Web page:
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Lawskills.com Georgia Caselaw
PIKE v. MARYLAND CASUALTY COMPANY et a.
39771.
Workmen's compensation. McIntosh Superior Court. Before Judge Durrence.
HALL, Judge.
This is an appeal from a judgment of the superior court affirming an award of the State Board of Workmen's Compensation denying compensation to the plaintiff in error, hereinafter called claimant. The claimant is the widow of a deceased employee of the defendant in error, hereinafter called the employer. There was testimony before the director to the effect that the deceased was the employer's district office and sales manager with headquarters in Jesup, Georgia, and that his duties included selling houses and he had authority to hire other salesmen. The employer's state manager testified that their salesmen applied themselves when and where they thought it best; that they worked late in the evenings; that there was no such thing as being off duty; that they had considerable latitude in their dealings to get around and get the job done, in "selling, talking to somebody about a job, working for him and so forth." On one Saturday evening at about 10 the deceased by prearrangement met one Lahiff at a night club 50 miles, more or less, from Jesup and talked with Lahiff about Lahiff's trying to sell some houses for the deceased. Lahiff was in the Army and was prohibited by Army regulations from working in other employment without the permission of his superiors, and he did not intend to request such permission. The deceased proposed to Lahiff that he talk to some prospects in the Fort Stewart area and if any sales resulted Lahiff would get $80 and the deceased or some other person would get $20 of the $100 commission on each house sold, but Lahiff's name would not appear on any of the papers in the transaction. Lahiff accepted the proposal but no houses were ever sold through his efforts. After this conversation between the deceased and Lahiff they visited socially. Lahiff left the night club at about 2:00 a.m., at which time the deceased had not yet left. The deceased was killed later that morning in an accident on a curve in the highway while driving a car furnished him by the employer, presumably as he was returning home from the night club.
The director's findings of fact include the following: "Mr. Lahiff was not to become an employee of Modern Homes Construction Company but was merely to have a 'working arrangement' with Mr. Pike [the deceased]." The record indicates that the director thought that this fact demanded his conclusion that the deceased was not within the scope of his employment at the time he met his death, and demanded the denial of compensation. But we are of the opinion that the fact that the deceased did not engage Lahiff as an employee of Modern Homes, but only enlisted his help to sell houses unofficially, does not establish as a matter of law that the deceased was not within the scope of his employment. The testimony shows that the deceased recruited Lahiff as a "bird dog." This term is defined in the Miriam-Webster New International Dictionary (3d Ed. 1961), at p. 220: "Canvasser; especially: one who locates prospects for salesmen." The question is whether the deceased was acting in furtherance of his employer's business-selling houses. Selling includes finding prospects. Employers Liab. Assur. Corp. v. Pruitt, 63 Ga. App. 149, 157 (10 SE2d 275); Pacific Employer's Ins. Co. v. Industrial Acc. Comm. of California, 79 Cal. App. 195 (249 P 33, 34). If an employee is injured while doing something in the interest of his employer, which is reasonably necessary or incident to his regular work, the injury arises out of his employment. This is true even though the employee has no special permission from the employer to do the particular act and it is beyond the scope of his specific duties. And it applies especially when the employee has no instruction from the employer prohibiting the act, and when the employee has some discretionary authority. Continental Cas. Co. v. Weems, 60 Ga. App. 410, 412-414 (3 SE2d 846); U. S. Fidelity &c. Co. v. Hamlin, 98 Ga. App. 167, 177 (105 SE2d 481); U. S. Fidelity &c. Co. v. Skinner, 188 Ga. 823, 829 (5 SE2d 9); 99 CJS 711, 717, 216; 58 Am. Jur. 739, 231. Accordingly, the deceased's recruitment of Lahiff as a "bird dog" to contact and talk with prospects for the sale of houses could be within the deceased's discretion as reasonably necessary and incident to his regular work; and his death while traveling on the highway incidentally to this activity could be compensable. Glens Falls Indem. Co. v. Sockwell, 58 Ga. App. 111, 115 (197 SE 647); Aetna Cas. &c. Co. v. Jones, 82 Ga. App. 422, 424 (61 SE2d 293); New Amsterdam Cas. Co. v. Sumrell, 30 Ga. App. 682, 690-691 (118 SE 786); U. S. Fidelity &c. Co. v. Skinner, 188 Ga. 823, 826, supra; Curtis v. Royal Indem. Co., 101 Ga. App. 158, 162 (112 SE2d 819).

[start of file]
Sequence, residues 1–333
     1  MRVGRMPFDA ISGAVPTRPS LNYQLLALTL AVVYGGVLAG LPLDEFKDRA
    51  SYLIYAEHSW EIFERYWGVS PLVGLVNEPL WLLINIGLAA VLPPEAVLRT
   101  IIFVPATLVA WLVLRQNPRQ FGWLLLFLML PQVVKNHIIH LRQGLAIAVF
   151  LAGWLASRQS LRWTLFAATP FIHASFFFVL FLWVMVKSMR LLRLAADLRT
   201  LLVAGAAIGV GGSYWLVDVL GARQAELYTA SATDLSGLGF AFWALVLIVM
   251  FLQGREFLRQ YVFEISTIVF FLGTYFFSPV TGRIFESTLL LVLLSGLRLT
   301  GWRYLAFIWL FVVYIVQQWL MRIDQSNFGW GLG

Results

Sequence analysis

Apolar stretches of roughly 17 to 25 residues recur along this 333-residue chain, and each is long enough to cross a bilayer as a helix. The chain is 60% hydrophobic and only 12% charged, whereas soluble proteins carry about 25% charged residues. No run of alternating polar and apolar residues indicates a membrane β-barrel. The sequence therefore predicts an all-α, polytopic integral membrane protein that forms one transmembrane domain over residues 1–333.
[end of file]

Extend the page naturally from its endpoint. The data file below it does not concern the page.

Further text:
The director having applied an erroneous legal theory in arriving at the conclusion that the deceased was not within the scope of his employment at the time of his death, the award must be reversed with direction that the case be remanded to the State Board to make findings of fact and enter an award upon consideration of applicable principles of law. Crawford W. Long Hospital v. Mitchell, 100 Ga. App. 276 (111 SE2d 120); Liberty Mut. Ins. Co. v. Simpson, 101 Ga. App. 480 (114 SE2d 141); Complete Auto Transit v. Davis, 101 Ga. App. 849 (115 SE2d 482); Shore v. Pacific Employers Ins. Co., 102 Ga. App. 431 (116 SE2d 256); Ocean Acc. &c. Corp. v. Bates, 104 Ga. ADD. 621, 623 (122 SE2d 305).
Judgment reversed with direction. Felton, C. J., and Bell, J., concur.
Bennet, Gilbert, Gilbert & Whittle, L. J. Bennet, John M. Gaynor, III, contra.
James W. Hall, for plaintiff in error.
DECIDED NOVEMBER 2, 1962 -- REHEARING DENIED NOVEMBER 21, 1962.
Friday May 22 23:04 EDT


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